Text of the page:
Gorgeous antique French Belle Epoque era sterling silver mounted liquor flask. Featuring a tapered body of clear acid-etched cameo glass, the finish mimicking the appearance of chipped ice. Decorated further with a charming enameled motif of flowers and leaves suspended from a blue ribbon bow. Mounted with sterling silver fittings, including a lid, threaded collar and removable tumbler sheathing the base. The lid and tumbler are richly decorated in raised relief with flowers and bows. Retains a glass stopper. The lid and tumbler with gold vermeil finish to the interiors. In overall good antique condition with general wear commensurate with age and use. Hallmarked with the French Minerve 1st standard mark, in use from 1838, which guaranteed the finest quality silver of .950/1000 purity (95% pure silver and a higher grade than the standard .925 for sterling). Bearing maker's marks for silversmith Eugène Lefebvre, active 1896-1910 at 14 bis rue des Minimes, Paris. Measures 5 3/4" length.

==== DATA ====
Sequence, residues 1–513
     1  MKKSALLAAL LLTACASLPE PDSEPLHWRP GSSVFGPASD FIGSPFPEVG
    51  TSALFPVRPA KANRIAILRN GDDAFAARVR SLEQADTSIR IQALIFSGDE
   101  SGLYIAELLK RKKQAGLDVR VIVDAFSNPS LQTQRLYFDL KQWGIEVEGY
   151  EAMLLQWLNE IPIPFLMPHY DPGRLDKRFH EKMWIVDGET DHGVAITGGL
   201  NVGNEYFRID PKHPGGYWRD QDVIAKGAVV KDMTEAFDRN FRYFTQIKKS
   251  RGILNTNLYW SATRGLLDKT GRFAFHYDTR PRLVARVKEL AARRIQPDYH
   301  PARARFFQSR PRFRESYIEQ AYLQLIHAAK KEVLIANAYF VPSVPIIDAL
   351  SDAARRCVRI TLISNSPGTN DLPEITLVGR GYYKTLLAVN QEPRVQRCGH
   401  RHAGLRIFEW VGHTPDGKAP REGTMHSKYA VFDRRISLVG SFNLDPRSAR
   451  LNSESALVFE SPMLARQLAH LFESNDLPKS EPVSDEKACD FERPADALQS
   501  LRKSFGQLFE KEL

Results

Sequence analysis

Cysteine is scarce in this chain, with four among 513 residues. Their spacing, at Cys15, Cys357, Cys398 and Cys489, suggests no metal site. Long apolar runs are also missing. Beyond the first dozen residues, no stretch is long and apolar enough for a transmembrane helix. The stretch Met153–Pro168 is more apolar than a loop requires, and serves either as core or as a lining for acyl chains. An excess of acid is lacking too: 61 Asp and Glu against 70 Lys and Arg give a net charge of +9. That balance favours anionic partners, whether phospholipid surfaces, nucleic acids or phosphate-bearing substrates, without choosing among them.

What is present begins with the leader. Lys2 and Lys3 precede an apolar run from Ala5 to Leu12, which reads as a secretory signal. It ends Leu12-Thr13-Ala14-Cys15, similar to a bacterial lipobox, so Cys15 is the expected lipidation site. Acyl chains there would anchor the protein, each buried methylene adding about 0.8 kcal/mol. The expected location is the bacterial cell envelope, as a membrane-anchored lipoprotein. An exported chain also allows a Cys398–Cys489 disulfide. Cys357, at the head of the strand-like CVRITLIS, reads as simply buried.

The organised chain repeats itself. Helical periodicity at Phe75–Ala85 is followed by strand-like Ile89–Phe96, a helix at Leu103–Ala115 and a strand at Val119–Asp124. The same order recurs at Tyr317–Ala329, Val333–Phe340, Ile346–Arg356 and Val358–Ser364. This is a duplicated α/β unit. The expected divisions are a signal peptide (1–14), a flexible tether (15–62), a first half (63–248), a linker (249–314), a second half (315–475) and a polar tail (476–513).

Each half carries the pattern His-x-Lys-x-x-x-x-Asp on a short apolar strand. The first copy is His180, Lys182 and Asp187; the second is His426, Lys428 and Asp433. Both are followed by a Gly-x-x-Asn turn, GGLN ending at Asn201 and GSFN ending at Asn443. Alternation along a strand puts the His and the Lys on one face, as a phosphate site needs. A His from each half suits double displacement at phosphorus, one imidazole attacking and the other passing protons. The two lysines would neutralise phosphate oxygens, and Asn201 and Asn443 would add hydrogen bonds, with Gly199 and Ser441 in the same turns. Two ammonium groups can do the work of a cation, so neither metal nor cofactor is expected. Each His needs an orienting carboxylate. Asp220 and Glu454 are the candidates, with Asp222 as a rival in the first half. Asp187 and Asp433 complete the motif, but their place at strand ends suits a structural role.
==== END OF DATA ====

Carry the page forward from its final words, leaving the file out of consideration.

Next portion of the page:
Sometimes mistaken for a perfume bottle, these bottles were originally serviceable as portable flasks intended for liquor or herbal restoratives (Though certainly usable for perfume if desired and are perfect to display among scent bottle collections.) These flasks could easily hold a substantial amount of one's favorite liquor, to be served in the detachable tumbler or drinking cup ideal for a shot of whiskey or flavored liqueur. These collectible flasks are known as opera flasks and carriage flasks. Smaller than the usual hip flasks, their size and shape allow them to be hand for short travel and discretely stow-able in a vest pocket, or lady's evening bag / purse. Perfect for a night out at the theatre, opera or ballet. They were also used for 'spirits', tonic waters and flavored herbal remedies one could not be without, to help soothe migraines and aches. A convenient accessory for allowing a lady or gentleman a suitable "restoratif" on a cold carriage journey or at a tedious social event.